Lousy 16:9 screens.....
Phoronix: System76 Serval Professional Sandy Bridge
The past few months on Phoronix and OpenBenchmarking.org you may have noticed several Intel Core i7 "Sandy Bridge" mobile benchmarks. This Linux mobile SNB testing was being done from a System76 Serval Professional notebook. Here is a look at this Linux-friendly notebook that ships with Ubuntu 10.10.
Lousy 16:9 screens.....
seems like a powerhorse, but what i still dont get is the glare type displays being built into everything these day. its freaking backwards.
System76, if you're listening please release a laptop with the following specs:
- 14'' Screen, 15.XX are too big and 13.XX are just too small.
- Quad Core Sandy Bridge, not including hyperthreading, real cores.
- OPTIONAL ATI graphics. I might or might not want Intel graphics, using ATI ensures I have good open source drivers available on top of great open Intel graphics drivers.
- Wireless of course
- HDMI out
- Firewire 800 or more
- 8gigs RAM minimum
- SD slot
After my disappointment with my ASUS (which I'm about to send back again as now the built-in trackpad is intermittently cutting out, after the blue-tooth already started cutting out... sigh), these are actually pretty interesting. If only they had some notebooks with 17" screens, I'd buy one.
lopho: You can get matte-style screens from many manufacturers still if you order them that way. Matte screens are more expensive, and they have very poor color range compared to the glossy screens (which matters for those of us looking to do graphics work).
If the System76 machines don't meet your needs, and if you're looking for a laptop from a great reseller who cares about its customers, has great features, and doesn't require you to buy a copy of Windows for the machine, try the Sager notebooks from XoticPC. I'm thinking of replacing my POS ASUS with this one (http://www.xoticpc.com/sager-np8170s...hm-p-2982.html) but there are some more modest Sager models available too, including a few with ATI graphics for anyone interested in the more FOSS-friendly GPU support.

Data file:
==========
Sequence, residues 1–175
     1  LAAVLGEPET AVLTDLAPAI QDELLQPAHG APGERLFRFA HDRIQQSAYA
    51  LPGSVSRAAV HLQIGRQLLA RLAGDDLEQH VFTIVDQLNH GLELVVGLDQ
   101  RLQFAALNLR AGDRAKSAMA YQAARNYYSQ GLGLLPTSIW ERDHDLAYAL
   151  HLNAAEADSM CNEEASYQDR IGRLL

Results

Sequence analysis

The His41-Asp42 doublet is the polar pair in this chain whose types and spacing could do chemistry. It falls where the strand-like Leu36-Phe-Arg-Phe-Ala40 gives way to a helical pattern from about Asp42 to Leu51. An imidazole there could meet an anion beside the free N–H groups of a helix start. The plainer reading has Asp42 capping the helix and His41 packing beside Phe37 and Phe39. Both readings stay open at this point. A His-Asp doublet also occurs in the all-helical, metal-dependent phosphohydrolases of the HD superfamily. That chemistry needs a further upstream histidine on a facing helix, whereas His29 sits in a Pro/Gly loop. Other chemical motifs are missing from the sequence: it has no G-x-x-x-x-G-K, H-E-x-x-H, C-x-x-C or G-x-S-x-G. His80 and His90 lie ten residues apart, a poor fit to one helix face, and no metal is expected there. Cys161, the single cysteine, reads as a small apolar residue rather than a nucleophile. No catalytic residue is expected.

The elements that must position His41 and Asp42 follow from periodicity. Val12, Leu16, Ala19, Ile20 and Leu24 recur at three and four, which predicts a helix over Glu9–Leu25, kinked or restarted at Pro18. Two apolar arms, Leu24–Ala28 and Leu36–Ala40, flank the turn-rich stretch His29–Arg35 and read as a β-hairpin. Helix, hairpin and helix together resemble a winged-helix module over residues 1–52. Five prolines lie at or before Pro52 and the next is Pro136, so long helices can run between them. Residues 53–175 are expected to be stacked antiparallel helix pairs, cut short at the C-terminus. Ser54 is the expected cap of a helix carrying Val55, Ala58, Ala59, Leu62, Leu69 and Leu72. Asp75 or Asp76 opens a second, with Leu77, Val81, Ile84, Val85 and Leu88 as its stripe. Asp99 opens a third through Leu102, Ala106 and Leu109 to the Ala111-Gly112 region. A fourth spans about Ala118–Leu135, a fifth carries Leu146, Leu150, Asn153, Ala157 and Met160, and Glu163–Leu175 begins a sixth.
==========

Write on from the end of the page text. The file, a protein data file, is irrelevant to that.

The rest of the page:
this thing is UGLY
anything above 15" is NOT a laptop/notebook. Its a desktop with a screen that moves
personally i wouldn't touch anything above 14 with 13.3 being my sweetspot.
The beast ASUS I have now weighs more than my first car, though, so it definitely falls under your classification.
My old 14" notebook was just too small for me, personally. Had to constantly choose between not being able to see what I was looking at because it was too small or not being able to see all of what I was looking at because it was too big.personally i wouldn't touch anything above 14 with 13.3 being my sweetspot.
Dimensions are dimensions and no matter how well designed light and beautiful apple laptops are, above 15 they are beasts. Mind you i wouldn't go near an apple product.
However it all depends on the type of job you do and what kind of job you do on the move. I am not saying they don't have their place in the market but i find that a small laptop and a big screen (30" ) when you are in office mode is more "correct" IMO.
I was in the market for a high end notebook with these features: Sandybridge quad core cpu like 2630qm or better, nvidia gtx 460m or higher gpu, 1980x1080p or higher resolution preferably matte, potentially dual hard drive, backlit keyboard, usb 3.0 and aesthetically simple (that doesn't look gaudy or scream gaming).
The Serval almost fits this description, but System76's Gazelle professional has that rare awesome matte display. However, both of them lack backlit keyboard, which is almost a deal killer for me. The other deal killer was the lack of second hard drive slot. Note that Serval and Gazelle also have a rare DVI port.
I would also note that Serval and Gazelle are the same (chasis) as Clevo P150HM and P151HM1 (see avadirect dot com), also sold by Sager as NP8130 (see xoticpc dot com, which should also be the cheapest option).
I eventually ended up buying a Asus G53SW-XN1 (from NewEgg, which should arrive before this weekend). While it has glossy screen, it has backlit keyboard. The looks are not so modest, but since I already have a Asus G50VT, I am comfortable with it and also very convinced about the build quality.